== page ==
Distance: 7.76 miles out and back. Elevation Gain and loss : 2,375 feet. Time to complete: 3 – 4 hours round-tripGoogle Earth Corte Madera
To Get There: Anywhere in San Diego, get to the 8 freeway and take it east past Alpine. Not to far past Pine Valley take the exit for Buckman Springs Rd. After you take the exit, follow the road straight across the old hwy 80 road, it will continue on as Buckman Springs Rd. Follow Buckman Springs Rd for about 3 miles until you see the sign for Corral Canyon Rd on your right hand side. If you look this up in Google Maps it has this road (Corral Canyon Road) listed as Morena Stokes Valley Road and that can be kind of confusing. Follow Corral Canyon Road for 4.8 miles, this road starts out as a dirt road and then turns into a narrow paved road. Around 4.8 miles you will come around a hairpin turn and see a locked gate on your right side with a huge log to the left of it. Just around the corner is a turn out that can park about 5 cars, park your car there and be nice enough to leave some room for other people if you get there first. Head past the locked gate onto the pathway and your hike begins.
There are no bathroom facilites here, so if you really need to go, make sure you stop along the way or go before you leave the house. It would be a good idea to bring a little T.P with you. The closest gas station is also 6-9 miles away, and after a long drive your car may be a little dry, so I would plan on getting gas on the way out, or night before so that its one less thing to worry about. Make sure you also get your Forest Adventure Pass, if you don’t have it posted on your windshield you may get a ticket. You can look up where to buy your adventure pass here http://www.fs.usda.gov/detailfull/r5/passes-permits/recreation/?cid=stelprdb5181410&width=full. You only need a $5.00 daily pass or if you are going to be hiking quite a bit around the forest trails you may want to get annual pass. You can pick these up at R.E.I or Big 5, there are also many other venders where you can pick them up at including a couple in Alpine in case you don’t have one and need to pick up one on the way out.
As your hike begins you will be on a nice meandering road that heads up through some nice shady oaks for about .4 miles until you come across another hairpin turn in the trail. This time if you look off to the left you should see a sign attached to a garbage can that tells you to the left is the start of the Espinosa Trail and not to go on to the right. Follow the logic of the garbage can and head left onto Espinosa Trail. You will follow the Espinosa Trail for about 1 mile heading up through a valley and following a creak bead until you hit a saddle that has several roads and trails intersecting it. Los Pinos Road heads from the south to left of you to the north to the right of you. Corte Madera Road west straight in front of you. Your going to head north up Los Pinos Road, but first take in the great View of Corte Madera Mountain in front of you. When your ready head north up Los Pinos road, beware that you may run into off road vehicles on this road, the day we where up there two jeeps passed us on the way to the same trail we were taking, it looked like they where there to repeal down the mountain face. Head up Los Pinos Road for about .3 miles and you should see a trail head in front of you across the road. Its unmarked, there is a post there and a sign about raptors, but nothing telling you that this is the trial you want to take, take it anyways. This is the only hard section of the hike, the trail becomes very narrow and and you will be heading up the mountain through shoulder height manzanita for about 1.6 miles until you reach the top of the mountain. As you head up the trail keep your eye open for birds of prey, we saw a few turkey vulture’s that we thought were condors, its was pretty cool, after looking into it a little further I found that is a common mistake. This article may help if you are interested in the differences. http://www.nps.gov/pinn/naturescience/loader.cfm?csModule=security/getfile&pageid=390871 As you get to the top of the mountain and closer to the last saddle, you should start seeing little rock piles that mark the trail for you, follow those to the end of the trail, the nice thing about this trail is there are not to many trail off shoots to get lost on along the way.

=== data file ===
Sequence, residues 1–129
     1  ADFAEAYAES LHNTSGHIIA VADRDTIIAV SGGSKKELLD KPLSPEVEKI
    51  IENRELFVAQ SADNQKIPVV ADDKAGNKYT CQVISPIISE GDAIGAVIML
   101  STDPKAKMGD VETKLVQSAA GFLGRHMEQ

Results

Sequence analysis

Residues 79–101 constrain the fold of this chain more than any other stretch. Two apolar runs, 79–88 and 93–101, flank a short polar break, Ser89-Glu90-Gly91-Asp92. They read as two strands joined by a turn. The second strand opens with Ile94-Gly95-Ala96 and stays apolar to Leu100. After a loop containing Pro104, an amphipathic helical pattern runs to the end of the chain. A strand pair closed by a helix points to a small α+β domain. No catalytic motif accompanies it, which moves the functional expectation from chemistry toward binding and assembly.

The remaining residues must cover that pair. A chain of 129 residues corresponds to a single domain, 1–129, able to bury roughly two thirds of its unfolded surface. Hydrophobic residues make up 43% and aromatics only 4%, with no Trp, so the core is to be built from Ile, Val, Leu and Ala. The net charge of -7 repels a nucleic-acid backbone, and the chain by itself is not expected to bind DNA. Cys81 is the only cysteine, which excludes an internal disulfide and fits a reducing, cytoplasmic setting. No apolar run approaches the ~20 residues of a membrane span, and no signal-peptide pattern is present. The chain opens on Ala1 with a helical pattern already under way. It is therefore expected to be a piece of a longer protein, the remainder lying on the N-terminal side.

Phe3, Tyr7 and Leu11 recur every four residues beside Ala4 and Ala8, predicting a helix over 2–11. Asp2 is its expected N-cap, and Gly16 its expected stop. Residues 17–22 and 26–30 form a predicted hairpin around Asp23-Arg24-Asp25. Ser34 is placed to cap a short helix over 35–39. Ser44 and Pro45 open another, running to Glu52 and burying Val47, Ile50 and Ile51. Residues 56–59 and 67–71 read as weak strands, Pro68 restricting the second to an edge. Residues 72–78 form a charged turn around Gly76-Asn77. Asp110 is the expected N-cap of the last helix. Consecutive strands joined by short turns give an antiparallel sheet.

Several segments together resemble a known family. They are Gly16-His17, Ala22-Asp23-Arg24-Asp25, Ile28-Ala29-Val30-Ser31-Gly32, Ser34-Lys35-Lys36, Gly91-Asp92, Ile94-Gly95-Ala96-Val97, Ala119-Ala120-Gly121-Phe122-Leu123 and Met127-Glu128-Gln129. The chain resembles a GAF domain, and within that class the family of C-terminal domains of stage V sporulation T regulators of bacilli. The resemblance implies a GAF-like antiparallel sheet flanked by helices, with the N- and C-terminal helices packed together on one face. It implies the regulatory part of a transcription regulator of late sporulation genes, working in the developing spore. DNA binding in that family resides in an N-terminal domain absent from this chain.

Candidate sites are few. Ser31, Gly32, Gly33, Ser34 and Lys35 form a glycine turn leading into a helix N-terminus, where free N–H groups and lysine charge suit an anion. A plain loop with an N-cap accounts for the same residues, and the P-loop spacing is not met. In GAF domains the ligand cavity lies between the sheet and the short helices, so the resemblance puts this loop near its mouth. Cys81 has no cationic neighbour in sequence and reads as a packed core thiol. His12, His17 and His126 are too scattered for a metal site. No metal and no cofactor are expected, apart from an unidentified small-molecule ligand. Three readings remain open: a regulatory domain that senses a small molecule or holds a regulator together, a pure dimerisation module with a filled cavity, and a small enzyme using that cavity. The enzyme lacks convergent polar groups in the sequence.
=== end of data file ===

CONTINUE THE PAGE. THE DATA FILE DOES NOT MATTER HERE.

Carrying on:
Weather forecast for the hike: